The main characters in “Pearls Before Swine,” by Stephan Pastis.

So he wrote that Edee had cancer. He wrote that she was so sweet that “even kids that were afraid of dogs would pet her.” He wrote that she would “protect” him from squirrels and a stuffed mallard duck while he worked in his Santa Rosa studio. And he wrote of the “hurt” in the hearts of his family, including his wife, their 21-year-old son and 17-year-old daughter.

The punchline-free purity of that comic strip, published in December, struck a chord. Hundreds of readers contacted Pastis. And this week, his syndicate, Kansas City-based Andrews McMeel, announced that the Edee strip was its most buzzed-about comic of 2018, with nearly 500 comments and almost 1,200 “likes.”

That speaks, his syndicate says, to the power of going personal.

“It connects the readers to the comic at a whole different level,” says John Glynn, president and editorial director of Andrews McMeel Syndication. “It can, however, be jarring if the audience isn’t used to it.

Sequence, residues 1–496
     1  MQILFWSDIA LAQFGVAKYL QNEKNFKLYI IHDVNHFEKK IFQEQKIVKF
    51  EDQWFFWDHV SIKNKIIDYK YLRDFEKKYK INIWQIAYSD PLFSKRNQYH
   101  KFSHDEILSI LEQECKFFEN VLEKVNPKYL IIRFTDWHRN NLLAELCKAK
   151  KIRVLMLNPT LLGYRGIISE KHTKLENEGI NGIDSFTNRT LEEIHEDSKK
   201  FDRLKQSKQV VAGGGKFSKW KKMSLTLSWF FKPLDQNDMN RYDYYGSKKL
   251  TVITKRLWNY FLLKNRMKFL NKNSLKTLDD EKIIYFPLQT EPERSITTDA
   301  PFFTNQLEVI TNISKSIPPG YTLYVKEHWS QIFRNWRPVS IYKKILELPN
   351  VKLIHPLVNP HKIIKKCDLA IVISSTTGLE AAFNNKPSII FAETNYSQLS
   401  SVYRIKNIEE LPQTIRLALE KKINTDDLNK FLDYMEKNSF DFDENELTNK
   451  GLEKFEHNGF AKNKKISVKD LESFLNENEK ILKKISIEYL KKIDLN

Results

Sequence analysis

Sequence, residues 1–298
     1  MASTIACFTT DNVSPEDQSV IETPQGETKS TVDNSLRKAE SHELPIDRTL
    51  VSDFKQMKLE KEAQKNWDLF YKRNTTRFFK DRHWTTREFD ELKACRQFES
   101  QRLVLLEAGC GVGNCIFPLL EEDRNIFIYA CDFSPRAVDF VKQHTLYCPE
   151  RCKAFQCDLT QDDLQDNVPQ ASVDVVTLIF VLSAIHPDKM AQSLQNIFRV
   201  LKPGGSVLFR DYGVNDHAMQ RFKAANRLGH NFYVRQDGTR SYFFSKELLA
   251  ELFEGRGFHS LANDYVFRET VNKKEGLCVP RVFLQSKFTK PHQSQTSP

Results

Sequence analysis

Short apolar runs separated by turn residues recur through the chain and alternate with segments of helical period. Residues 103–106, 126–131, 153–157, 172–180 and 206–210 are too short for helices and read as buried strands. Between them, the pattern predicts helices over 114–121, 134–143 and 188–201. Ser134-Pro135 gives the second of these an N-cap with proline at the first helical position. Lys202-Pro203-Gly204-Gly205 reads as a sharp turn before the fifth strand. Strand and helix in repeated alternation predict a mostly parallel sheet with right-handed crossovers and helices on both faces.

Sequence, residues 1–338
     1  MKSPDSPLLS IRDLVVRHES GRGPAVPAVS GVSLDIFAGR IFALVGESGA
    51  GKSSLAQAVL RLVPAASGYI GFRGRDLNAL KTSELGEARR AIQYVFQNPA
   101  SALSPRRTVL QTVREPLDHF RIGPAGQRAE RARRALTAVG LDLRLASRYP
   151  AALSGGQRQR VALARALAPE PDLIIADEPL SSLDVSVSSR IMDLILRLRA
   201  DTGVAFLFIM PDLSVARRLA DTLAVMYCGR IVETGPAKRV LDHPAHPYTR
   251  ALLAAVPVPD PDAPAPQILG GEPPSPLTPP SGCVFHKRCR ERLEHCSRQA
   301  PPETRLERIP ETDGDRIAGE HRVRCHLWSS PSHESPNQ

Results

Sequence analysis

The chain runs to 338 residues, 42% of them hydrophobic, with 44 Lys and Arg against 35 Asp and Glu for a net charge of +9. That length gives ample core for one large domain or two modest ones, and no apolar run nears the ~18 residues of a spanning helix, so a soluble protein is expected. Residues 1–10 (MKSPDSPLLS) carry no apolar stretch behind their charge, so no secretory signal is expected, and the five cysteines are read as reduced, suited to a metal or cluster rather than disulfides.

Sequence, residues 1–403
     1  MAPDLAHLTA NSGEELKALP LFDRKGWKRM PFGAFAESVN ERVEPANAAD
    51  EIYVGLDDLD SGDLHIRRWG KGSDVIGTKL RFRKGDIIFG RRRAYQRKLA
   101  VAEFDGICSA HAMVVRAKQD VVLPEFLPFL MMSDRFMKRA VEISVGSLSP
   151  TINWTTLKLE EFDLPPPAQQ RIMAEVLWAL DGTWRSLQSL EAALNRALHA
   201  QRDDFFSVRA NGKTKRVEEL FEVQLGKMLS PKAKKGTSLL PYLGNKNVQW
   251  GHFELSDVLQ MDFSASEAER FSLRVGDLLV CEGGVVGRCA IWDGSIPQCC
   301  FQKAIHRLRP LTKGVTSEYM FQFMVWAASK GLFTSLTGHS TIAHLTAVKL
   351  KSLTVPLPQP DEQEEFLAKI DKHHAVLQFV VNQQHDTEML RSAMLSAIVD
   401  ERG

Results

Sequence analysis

“Stephan has done it well and regularly enough over the years,” Glynn continues, “that his readers know that they see a version of the cartoonist that you don’t see in most comics.”

A recurring character in “Pearls Before Swine” is an avatar of Pastis, comedically depicted as a beer-bellied, stubble-faced, overambitious and pun-happy hack whose work is insulted by the very characters he has created. But on occasion, Pastis the avatar will share an honest, true-life slice of himself.

When those genuine ideas come, Pastis says, he typically tries to draw them, even if he ultimately doesn’t publish them — because he doesn’t want to gum up the creative flow.

“When I sit down to write,” he says, “what’s there is there. When something tragic has happened” — from the death of a relative, say, to the enormity of a terrorist act — “the ideas seem to have a narrow spigot, and what’s there is something you have to get out — you have to write it.”

Last September, though, Pastis was feeling especially emotional. He had just come from being on set for a Disney film adaptation of his kids’ book series, “Timmy Failure.” Now here he was in Phoenix, where his father did not recognize him, and then his wife called to say that Edee would need to be put to sleep within hours to minimize the pet’s suffering — much sooner than they had expected.